The Collingwood club song
GOOD OLD COLLINGWOOD FOREVER*
Good Old Collingwood forever,
They know how to play the game.
Side by side they stick together,
To uphold the Magpies name.
See, the barrackers are shouting,
As all barrackers should.
For the Premiership’s a cakewalk
For the good old Collingwood.
* These are the lyrics of the official recorded version. Some variations exist.
Believe it or not, ‘Good Old Collingwood Forever’ has the oldest origins of any of our Australian football club songs. It started life as a marching song called ‘Goodbye Dolly Gray’ in the USA during the Spanish American War (1898), and grew in popularity through the Boer War (1899-1902). It was written by renowned American composer William D Cobb, who listed among his credits songs for an early stage version of Wizard of Oz.
The relevant lyrics adapted from ‘Goodbye Dolly Gray’ are as follows:
Goodbye Dolly I must leave you,
though it breaks my heart to go,
Something tells me I am needed at the front to fight the foe,
See – the boys in blue are marching and I can no longer stay,
Hark – I hear the bugle calling, goodbye Dolly Gray.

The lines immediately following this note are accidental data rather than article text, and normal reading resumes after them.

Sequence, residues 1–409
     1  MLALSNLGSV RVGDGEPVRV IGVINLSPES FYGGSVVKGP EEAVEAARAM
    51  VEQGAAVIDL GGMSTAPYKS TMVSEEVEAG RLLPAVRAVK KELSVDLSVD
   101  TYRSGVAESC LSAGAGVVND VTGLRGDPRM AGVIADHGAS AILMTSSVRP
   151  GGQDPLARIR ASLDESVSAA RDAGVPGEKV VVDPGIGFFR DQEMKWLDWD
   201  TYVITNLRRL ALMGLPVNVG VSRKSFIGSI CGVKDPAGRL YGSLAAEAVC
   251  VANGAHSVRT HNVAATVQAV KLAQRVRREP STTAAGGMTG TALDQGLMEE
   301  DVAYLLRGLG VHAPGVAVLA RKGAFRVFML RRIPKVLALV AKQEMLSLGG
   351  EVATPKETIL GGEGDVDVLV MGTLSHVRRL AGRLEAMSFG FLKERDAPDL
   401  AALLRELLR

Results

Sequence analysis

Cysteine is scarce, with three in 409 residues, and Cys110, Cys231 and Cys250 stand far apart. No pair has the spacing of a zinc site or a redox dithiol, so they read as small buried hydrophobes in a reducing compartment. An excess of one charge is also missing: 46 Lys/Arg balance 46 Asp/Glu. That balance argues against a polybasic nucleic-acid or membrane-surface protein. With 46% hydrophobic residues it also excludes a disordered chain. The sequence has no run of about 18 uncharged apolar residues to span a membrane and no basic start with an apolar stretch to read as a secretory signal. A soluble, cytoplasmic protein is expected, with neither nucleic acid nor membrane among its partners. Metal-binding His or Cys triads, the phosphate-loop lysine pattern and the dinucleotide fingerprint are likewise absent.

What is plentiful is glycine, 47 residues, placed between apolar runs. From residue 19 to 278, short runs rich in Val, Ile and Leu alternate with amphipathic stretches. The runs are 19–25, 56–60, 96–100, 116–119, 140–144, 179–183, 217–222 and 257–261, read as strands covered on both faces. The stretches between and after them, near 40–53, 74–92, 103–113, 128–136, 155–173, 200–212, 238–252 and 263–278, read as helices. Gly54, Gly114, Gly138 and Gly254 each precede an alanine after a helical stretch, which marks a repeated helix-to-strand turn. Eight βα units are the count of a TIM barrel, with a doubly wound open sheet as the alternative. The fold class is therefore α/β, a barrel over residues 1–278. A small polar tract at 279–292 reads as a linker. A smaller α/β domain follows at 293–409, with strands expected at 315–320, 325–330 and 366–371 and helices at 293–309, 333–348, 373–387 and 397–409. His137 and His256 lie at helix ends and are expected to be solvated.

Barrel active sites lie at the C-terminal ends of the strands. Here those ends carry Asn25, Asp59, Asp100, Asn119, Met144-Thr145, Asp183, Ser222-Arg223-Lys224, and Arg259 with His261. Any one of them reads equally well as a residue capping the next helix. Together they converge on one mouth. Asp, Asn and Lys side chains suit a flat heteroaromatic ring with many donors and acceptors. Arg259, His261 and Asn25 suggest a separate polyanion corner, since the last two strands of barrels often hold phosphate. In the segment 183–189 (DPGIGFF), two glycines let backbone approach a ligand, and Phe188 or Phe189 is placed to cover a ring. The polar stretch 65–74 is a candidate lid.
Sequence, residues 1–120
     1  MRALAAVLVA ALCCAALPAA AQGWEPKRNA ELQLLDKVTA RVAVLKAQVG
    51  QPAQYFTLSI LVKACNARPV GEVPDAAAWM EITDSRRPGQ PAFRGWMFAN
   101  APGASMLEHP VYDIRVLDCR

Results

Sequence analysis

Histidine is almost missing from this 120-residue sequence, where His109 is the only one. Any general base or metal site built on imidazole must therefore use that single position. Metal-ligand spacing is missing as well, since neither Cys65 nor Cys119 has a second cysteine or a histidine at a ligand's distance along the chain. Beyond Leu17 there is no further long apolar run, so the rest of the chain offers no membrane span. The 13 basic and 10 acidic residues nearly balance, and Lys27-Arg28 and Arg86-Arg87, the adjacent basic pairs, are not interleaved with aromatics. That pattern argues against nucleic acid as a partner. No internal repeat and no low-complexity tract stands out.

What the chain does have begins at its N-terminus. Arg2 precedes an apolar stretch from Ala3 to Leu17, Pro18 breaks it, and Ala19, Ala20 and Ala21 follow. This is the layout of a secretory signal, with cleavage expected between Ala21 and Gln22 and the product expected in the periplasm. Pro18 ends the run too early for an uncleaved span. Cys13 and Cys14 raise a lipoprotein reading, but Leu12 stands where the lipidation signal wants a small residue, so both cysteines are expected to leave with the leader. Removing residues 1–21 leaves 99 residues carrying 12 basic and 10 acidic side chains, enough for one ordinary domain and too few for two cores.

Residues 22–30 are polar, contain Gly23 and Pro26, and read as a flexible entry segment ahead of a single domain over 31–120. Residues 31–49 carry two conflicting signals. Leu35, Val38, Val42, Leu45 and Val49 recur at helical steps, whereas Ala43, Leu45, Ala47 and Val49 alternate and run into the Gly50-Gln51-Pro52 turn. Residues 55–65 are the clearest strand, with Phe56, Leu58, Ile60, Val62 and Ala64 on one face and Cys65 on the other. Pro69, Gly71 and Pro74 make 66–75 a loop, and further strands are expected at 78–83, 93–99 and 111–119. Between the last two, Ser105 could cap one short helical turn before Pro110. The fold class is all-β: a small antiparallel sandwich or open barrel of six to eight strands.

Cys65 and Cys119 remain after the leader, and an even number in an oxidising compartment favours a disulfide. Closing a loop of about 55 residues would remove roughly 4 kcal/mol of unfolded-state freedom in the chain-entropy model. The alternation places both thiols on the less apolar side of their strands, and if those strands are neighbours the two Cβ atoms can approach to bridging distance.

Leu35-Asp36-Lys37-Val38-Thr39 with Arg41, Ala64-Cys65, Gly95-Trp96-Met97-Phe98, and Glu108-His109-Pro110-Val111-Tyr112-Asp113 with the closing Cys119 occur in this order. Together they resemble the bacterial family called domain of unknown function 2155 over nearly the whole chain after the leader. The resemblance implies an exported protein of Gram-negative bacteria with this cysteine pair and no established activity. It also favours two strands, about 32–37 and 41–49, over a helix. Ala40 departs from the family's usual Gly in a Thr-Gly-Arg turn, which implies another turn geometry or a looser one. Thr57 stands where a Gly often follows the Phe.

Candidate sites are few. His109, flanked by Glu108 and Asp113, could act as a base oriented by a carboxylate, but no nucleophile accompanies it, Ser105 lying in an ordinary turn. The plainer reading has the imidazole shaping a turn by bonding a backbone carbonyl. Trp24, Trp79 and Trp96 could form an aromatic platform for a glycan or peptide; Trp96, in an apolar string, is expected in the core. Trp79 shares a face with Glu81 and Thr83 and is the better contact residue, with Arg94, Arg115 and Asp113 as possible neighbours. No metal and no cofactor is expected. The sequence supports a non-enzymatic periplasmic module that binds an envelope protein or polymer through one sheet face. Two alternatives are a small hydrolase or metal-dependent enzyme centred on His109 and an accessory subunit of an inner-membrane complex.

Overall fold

It wasn’t until 1906 that a Collingwood player by the name of Tom Nelson, who played a mere three games for the club, took the music and made it the basis for what was to become one of football’s most stirring anthems (at least to the ears of devoted Collingwood fans). Remarkably, Nelson came up with his version with his teammates while in Tasmania – and that’s a story in itself.
The penultimate line of the song (‘Oh, the Premiership’s a cakewalk’) was changed in 1983, to avoid embarrassment after a long period without Premiership success. But the alternate version (‘There is just one team we favour’) met with little acceptance from fans and everyone soon reverted to the original. (For those who are curious, a ‘cakewalk’ was a dance that developed from a Black American contest in graceful walking, where a cake was offered as a prize.)
One mystery about the song is why the words ‘Cor Blimey’ were added, in the pause after the fourth line. Those words are not present in the official recording, but former skipper Harry Collier recalled during a 1996 documentary on 100 Years of Australian Football that players had been singing them since at least the 1920s. Today’s players seem to have morphed it into something else again.
To this day, the Magpies remain the only club to acknowledge their barrackers in their club song. Maybe that explains why supporters love to sing it with such gusto after every single win.